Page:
A Step Closer to Creating Compact 3D Displays Capable of Forming Lifelike Virtual Scenes

Scientists have established a prototype of a glasses-free three-dimensional (3D) light field display system with a considerably extended viewing distance owing to a recently designed flat lens. The system is a crucial step toward small, realistic-looking 3D displays that can be used for portable electronics, televisions and table-top gadgets.

A Step Closer to Creating Compact 3D Displays Capable of Forming Lifelike Virtual Scenes.
A new glasses-free 3D light field display system with a significantly extended viewing distance represents an important step toward compact, realistic-looking 3D displays that could be used for televisions, portable electronics, and table-top devices. Image Credit: Wen Qiao, Soochow University

Light field displays utilize a dense field of light rays to generate full-color instant 3D videos that can be watched viewed without glasses. This method of producing a 3D display enables a number of people to watch the virtual scene simultaneously, a lot like a real 3D entity.

Most light field 3D displays have a limited viewing range, which causes the 3D virtual image to degrade as the observer moves farther away from the device. The nanostructured flat lens we designed is just 100 microns thick and has a very large depth of focus, which enables a high-quality virtual 3D scene to be seen from farther away.

Wen Qiao, Research Team Leader, Soochow University

The scientists report, in Optica Publishing Group’s journal for influential research, Optica, that their sample display displays excellent efficiency and high color fidelity covering 24 cm to 90 cm viewing distances. These features all unite to form a more lifelike viewing experience.

We developed this new technology in hopes of creating displays that could allow people to feel as if they were actually together during a video conference. With the continued development of nanotechnology, we envision that glasses-free 3D displays will become a normal part of everyday life and will change the way people interact with computers.

Wen Qiao, Research Team Leader, Soochow University

Creating Multiple Views

Light field displays form lifelike images by projecting diverse views that enable the 3D scene to appear the same when seen from various angles. The focal length of the lenses utilized to form these views is the restricting factor in relation to viewing distance.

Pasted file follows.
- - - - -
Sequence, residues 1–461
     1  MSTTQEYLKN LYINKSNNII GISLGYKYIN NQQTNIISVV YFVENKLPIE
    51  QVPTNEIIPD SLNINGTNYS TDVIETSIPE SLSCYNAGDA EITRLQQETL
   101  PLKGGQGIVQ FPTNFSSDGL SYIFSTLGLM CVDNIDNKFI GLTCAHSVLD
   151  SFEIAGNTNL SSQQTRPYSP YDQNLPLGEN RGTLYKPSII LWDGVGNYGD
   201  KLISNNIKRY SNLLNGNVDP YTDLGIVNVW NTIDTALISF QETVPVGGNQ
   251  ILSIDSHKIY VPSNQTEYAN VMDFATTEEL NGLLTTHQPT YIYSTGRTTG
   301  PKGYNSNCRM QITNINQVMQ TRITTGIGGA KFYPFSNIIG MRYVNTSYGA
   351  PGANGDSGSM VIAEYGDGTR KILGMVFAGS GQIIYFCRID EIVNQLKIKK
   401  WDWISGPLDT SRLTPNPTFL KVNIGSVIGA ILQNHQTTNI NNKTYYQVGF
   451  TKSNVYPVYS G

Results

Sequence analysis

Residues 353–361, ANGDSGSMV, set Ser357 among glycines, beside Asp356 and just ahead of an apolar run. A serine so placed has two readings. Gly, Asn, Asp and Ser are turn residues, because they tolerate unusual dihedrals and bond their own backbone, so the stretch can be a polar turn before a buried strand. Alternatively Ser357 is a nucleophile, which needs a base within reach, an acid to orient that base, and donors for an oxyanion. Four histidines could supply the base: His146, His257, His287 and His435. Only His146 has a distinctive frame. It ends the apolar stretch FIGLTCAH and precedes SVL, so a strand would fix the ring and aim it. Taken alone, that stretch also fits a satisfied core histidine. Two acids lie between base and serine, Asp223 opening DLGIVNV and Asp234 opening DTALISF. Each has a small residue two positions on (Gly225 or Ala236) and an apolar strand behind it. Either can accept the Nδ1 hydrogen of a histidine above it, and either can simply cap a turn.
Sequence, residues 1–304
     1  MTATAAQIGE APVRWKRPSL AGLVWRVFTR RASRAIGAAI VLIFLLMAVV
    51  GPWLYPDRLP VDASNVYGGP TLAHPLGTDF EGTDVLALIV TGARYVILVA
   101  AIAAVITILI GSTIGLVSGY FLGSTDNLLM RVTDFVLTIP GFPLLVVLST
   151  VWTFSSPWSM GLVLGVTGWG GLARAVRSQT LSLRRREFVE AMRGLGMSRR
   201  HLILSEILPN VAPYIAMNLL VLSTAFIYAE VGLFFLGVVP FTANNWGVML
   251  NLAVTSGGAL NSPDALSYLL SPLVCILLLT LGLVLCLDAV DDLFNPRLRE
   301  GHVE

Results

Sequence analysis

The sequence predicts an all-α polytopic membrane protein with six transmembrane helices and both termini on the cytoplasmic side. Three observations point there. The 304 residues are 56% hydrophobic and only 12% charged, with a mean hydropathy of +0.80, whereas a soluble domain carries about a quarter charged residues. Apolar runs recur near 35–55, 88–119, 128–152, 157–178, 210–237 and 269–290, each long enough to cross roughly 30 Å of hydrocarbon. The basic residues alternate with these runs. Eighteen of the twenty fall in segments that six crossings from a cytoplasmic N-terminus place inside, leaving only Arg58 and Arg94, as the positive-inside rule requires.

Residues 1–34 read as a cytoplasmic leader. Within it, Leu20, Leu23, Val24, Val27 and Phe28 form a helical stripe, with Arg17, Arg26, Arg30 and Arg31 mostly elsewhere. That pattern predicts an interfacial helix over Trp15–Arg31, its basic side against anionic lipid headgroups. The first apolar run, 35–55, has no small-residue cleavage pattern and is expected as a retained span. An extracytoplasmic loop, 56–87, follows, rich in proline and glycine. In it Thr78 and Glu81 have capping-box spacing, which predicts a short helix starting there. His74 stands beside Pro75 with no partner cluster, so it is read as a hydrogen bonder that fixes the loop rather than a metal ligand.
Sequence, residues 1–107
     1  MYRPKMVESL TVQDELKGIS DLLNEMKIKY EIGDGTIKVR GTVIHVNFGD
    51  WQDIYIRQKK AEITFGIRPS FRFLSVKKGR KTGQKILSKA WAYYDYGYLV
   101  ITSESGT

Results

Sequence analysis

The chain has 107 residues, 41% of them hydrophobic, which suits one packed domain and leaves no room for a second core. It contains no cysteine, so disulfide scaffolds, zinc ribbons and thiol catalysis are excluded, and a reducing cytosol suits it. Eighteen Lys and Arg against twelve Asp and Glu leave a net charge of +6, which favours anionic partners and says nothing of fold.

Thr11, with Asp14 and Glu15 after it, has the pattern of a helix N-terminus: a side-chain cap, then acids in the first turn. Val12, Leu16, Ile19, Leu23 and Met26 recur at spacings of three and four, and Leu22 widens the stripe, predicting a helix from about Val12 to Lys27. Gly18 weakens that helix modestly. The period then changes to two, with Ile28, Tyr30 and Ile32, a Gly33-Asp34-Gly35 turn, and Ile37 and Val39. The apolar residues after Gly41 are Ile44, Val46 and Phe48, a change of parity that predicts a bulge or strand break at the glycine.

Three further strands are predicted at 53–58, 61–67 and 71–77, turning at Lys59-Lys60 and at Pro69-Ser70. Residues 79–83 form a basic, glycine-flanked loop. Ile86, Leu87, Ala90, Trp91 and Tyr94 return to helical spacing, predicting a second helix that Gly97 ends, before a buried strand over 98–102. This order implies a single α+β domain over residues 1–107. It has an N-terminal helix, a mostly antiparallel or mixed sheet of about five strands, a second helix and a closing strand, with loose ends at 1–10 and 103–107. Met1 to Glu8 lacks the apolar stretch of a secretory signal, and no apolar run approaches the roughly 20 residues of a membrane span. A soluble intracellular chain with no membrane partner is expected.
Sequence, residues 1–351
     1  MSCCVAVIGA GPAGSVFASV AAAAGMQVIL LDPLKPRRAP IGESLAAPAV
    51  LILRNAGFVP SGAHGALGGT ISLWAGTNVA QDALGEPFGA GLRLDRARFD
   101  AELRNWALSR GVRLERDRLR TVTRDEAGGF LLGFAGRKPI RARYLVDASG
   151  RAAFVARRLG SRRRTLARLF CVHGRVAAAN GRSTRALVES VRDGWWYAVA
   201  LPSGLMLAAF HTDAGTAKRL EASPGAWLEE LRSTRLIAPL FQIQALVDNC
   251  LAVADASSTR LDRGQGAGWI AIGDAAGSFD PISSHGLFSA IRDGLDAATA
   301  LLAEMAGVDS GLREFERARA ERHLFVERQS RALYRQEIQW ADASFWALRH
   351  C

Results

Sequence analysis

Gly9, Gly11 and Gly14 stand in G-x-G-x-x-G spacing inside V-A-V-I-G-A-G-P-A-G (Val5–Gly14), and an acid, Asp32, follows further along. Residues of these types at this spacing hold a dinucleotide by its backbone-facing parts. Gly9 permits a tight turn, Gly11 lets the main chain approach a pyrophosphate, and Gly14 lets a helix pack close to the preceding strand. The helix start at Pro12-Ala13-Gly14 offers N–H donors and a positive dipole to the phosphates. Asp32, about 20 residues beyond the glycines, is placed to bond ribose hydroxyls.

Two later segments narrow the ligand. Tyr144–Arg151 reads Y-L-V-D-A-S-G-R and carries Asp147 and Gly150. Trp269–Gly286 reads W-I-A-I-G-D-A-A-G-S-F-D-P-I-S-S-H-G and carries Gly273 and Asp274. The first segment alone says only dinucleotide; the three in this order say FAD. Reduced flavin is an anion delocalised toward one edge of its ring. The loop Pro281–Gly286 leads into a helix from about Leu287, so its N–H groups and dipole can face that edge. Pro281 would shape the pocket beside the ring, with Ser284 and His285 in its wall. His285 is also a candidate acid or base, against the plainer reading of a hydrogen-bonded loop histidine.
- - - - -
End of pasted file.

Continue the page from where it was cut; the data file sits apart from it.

To surpass this, the scientists meticulously developed a new diffractive flat lens by patterning nanostructures onto a flat surface in such a manner that it directs light. Interlinking a number of these lenses enabled them to make a pixelated view modulator, the optical part that produces the different viewpoints for a scene in a light field display.

A 3D display that offers four views, for instance, would employ four of these lenses, each of which converges the light into an exclusive view.

Because flat lenses provide superior light manipulating capability compared to traditional glass lenses, they can be used to solve formidable problems such as limited motion parallax, crosstalk, visual fatigue and limited viewing distances in 3D displays.

Wen Qiao, Research Team Leader, Soochow University

Testing the Prototype

After demonstrating that the lens accomplished high resolution when focusing the red, green and blue light used by LCDs to form images, the team integrated them into a 4-inch sample 3D light field display with viewing distances ranging from 24 to 90 cm.

The display created a smooth horizontal parallax with a crosstalk under 26% across all viewing distances, which reveals that there were few faults that would result in eye stress or make the image appear unrealistic. The display also demonstrated a light efficiency that reached 82%, a lot higher than other analogous 3D display devices that have been reported.

High light efficiency is crucial for forming a bright virtual image, particularly for applications where power consumption is an important factor, such as portable electronics.

Although the model demonstrated a viewing angle of just 9 degrees, the scientists say this could be expanded to nearly 180 degrees by enhancing the design of the nanostructures employed to create the flat lenses.

As well as exploring this, the team plans to further enhance the light efficiency by formulating a more advanced design algorithm for exploiting the light beam at each pixel. They indicate that easier methods to make the nanostructures would also be needed to enable the feasible manufacture of this kind of display.

Journal Reference:

Zhou, F., et al. (2022) Vector light field display based on an intertwined flat lens with large depth of focus. Optica. doi.org/10.1364/OPTICA.439613.

Source: https://www.optica.org

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